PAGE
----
Houston, similarly, continued to work in Oklahoma City for organizations such as YWCA, Red Cross, and NAACP. She continued to work with her brother, Roscoe Dunjee, at the Oklahoma Black Dispatch newspaper. “The earliest African-American woman to write a multivolume study of ancient Africa, she is best known for her classic American historical text, Wonderful Ethiopians of the Ancient Cushite Empire. Written over a twenty-five-year period, the book was published in 1926 and reprinted in 1986 (as Wonderful Ethiopians; it was written to correct distortions in the historical record of ancient African people and their descendants worldwide). Houston had two children, Florence and another unnamed daughter who died earlier. Price Houston, her husband, died in 1931. Like her mother, Drusilla suffered for years from tuberculosis. Drusilla Dunjee Houston died in Phoenix, Arizona, on February 8, 1941. In keeping with her deep faith, her gravestone bears the words ‘To Die Is To Gain.’”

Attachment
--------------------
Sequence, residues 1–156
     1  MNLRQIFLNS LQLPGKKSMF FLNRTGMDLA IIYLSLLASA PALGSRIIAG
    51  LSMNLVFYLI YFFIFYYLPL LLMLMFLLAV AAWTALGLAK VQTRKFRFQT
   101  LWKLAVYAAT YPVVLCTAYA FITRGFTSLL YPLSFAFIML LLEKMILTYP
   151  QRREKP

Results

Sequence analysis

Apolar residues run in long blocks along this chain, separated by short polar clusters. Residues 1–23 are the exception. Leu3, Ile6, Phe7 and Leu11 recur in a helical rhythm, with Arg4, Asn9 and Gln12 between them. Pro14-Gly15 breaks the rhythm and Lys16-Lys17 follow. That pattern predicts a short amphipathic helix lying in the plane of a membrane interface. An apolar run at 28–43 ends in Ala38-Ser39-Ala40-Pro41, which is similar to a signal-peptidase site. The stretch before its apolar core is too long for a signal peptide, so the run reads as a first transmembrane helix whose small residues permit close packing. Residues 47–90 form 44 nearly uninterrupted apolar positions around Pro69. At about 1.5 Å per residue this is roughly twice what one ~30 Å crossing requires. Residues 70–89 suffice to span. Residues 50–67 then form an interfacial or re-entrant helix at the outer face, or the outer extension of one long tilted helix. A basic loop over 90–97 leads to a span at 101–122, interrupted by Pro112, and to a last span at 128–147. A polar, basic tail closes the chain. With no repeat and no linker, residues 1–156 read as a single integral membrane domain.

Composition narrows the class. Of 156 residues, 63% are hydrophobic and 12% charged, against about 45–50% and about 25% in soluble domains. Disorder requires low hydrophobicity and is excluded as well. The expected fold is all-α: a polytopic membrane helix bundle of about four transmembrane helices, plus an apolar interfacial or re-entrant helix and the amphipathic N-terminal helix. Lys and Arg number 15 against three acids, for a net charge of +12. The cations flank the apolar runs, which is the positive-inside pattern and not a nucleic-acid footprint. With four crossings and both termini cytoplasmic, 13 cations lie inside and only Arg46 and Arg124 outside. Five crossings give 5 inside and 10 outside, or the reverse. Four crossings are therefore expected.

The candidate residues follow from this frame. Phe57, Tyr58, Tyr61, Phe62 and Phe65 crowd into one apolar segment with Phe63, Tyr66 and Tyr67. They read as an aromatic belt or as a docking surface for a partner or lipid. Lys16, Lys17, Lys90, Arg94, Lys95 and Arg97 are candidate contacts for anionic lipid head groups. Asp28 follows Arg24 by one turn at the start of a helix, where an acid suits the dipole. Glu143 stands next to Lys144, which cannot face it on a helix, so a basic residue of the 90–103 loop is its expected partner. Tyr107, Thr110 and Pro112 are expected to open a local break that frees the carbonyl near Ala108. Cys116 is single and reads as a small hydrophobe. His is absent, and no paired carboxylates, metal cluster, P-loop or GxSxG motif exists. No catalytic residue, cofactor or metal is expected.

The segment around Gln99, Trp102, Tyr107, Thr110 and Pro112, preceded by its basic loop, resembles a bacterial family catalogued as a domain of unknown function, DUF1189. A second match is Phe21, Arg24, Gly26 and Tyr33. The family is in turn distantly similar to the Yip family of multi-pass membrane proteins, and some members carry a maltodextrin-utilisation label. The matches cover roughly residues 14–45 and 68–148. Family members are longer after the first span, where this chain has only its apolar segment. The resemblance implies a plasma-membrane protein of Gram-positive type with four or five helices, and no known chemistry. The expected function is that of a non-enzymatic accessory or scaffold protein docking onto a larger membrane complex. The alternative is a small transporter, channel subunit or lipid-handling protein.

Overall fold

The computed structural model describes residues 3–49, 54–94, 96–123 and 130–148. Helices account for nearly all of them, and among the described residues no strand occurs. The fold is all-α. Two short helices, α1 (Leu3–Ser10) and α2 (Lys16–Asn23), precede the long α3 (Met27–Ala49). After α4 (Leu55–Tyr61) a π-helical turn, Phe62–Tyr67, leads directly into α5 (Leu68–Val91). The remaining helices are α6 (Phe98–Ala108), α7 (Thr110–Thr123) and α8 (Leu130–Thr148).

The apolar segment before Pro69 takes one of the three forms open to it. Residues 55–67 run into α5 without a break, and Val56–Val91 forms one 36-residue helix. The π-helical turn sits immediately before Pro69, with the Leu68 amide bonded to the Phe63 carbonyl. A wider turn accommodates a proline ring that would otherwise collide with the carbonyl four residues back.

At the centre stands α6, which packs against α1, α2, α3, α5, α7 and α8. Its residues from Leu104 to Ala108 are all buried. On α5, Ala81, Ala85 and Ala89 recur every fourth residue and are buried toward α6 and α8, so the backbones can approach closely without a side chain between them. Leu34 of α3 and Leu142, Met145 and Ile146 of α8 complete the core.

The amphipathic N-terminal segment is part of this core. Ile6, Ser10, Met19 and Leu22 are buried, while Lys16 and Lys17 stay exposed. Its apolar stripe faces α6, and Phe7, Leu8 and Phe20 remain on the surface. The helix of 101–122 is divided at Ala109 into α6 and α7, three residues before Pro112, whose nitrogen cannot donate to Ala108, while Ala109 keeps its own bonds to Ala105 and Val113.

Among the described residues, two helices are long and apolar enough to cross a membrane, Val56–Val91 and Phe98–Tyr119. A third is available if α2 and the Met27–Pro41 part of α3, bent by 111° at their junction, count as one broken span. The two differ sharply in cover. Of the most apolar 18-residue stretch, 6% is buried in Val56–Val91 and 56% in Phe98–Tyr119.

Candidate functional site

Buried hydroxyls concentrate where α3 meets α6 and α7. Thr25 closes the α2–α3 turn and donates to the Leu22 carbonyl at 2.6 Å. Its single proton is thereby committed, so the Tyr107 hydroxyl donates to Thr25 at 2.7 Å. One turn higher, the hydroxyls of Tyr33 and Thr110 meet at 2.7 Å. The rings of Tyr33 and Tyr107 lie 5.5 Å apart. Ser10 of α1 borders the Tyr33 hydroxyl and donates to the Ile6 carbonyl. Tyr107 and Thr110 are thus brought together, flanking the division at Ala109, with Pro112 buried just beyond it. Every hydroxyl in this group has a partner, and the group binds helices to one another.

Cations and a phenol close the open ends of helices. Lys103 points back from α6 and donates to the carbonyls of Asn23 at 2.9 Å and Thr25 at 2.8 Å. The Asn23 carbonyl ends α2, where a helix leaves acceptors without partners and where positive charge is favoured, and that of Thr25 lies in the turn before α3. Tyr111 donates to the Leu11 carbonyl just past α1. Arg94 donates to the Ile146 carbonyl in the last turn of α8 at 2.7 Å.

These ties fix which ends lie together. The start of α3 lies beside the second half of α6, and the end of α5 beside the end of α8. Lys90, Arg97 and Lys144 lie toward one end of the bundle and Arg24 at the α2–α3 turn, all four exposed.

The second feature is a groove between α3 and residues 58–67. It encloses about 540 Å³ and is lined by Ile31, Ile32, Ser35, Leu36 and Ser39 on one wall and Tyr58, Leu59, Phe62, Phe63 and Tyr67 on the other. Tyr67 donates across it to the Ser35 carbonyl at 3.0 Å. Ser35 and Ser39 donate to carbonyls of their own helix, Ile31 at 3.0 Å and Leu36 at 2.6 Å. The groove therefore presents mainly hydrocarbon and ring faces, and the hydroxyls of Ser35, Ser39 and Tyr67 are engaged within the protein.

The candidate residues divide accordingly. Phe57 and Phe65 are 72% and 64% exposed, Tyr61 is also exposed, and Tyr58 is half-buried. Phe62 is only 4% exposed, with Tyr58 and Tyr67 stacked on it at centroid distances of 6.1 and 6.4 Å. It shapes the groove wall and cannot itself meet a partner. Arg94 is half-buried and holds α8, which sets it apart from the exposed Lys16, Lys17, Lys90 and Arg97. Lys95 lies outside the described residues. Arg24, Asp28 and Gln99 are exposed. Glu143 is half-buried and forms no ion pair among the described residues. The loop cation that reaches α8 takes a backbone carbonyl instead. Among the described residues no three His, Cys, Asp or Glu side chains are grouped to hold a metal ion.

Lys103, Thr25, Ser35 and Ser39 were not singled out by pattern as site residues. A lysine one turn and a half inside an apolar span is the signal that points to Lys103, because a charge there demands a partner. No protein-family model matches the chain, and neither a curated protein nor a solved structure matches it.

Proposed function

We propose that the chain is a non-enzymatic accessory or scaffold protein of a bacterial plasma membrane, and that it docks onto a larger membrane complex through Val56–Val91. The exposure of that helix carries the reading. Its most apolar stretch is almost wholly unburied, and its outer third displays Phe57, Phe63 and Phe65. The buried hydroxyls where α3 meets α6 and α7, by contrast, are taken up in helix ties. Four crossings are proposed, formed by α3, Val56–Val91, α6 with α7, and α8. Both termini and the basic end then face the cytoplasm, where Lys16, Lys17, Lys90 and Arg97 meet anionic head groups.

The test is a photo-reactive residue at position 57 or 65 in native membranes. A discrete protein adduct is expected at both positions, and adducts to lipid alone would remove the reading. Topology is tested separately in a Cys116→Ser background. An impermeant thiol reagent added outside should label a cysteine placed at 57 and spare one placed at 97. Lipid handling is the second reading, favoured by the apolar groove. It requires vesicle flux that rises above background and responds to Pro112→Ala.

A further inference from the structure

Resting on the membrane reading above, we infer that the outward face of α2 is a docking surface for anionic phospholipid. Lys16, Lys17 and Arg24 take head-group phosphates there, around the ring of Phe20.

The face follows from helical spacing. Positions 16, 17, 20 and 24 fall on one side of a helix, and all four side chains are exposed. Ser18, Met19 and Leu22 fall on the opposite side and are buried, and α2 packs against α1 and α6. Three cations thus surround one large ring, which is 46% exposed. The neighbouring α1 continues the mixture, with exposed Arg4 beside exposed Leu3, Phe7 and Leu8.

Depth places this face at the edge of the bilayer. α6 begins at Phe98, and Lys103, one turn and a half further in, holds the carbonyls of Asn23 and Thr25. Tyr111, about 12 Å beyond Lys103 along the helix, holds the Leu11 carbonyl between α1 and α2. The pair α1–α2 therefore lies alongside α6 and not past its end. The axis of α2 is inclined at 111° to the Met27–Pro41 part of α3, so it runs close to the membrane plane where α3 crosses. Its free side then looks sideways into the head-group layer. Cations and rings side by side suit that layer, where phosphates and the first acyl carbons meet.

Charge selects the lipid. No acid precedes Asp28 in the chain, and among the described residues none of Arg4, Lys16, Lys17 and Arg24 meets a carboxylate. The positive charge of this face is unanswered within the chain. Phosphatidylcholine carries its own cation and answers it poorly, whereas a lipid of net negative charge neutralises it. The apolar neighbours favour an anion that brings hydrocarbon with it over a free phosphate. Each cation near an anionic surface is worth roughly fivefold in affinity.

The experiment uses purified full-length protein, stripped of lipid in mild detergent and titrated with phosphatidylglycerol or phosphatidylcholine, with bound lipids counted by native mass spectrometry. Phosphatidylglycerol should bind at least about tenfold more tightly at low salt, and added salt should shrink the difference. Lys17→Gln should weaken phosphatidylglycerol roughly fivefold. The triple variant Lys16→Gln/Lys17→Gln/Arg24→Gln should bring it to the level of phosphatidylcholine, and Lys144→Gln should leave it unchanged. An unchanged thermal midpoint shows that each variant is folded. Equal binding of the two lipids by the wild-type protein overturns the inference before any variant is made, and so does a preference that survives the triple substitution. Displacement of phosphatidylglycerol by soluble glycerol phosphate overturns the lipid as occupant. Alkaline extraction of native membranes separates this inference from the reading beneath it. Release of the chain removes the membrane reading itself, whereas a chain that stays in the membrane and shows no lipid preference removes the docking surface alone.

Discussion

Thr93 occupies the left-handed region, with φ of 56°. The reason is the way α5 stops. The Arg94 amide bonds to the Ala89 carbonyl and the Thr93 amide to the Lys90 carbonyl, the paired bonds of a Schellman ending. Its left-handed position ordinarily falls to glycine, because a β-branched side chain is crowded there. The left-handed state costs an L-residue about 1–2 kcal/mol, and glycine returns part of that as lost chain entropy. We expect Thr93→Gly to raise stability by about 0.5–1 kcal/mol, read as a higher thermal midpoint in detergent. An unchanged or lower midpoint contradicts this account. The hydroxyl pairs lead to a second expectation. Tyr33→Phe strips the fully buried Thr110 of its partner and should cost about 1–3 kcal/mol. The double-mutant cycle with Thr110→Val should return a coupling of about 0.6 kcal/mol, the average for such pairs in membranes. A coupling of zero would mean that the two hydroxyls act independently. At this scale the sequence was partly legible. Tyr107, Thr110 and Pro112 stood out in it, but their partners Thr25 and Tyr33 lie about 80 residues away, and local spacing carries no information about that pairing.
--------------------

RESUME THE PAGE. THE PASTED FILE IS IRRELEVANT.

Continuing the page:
(Creek County Republican, December 5, 1913, January 16, 1914, June 19, 1914, July 24, 1914; October 8, 1915; Black Dispatch, December 28, 1917, June 28, 1918, September 14, 1922, October 30, 1959; Sapulpa Herald, December 22, 1968; Sapulpa City Directory, 1916 and 1922; Oklahoma Historical Society)
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The information found on this page has been researched through Sapulpa (and area) newspapers, Sapulpa Historical Society archives, books, and photographs, Sapulpa yearbooks, city directories, and other local authors. Any other sources will be labeled and named as the research continues. Any mistakes will be noted and adjusted as needed.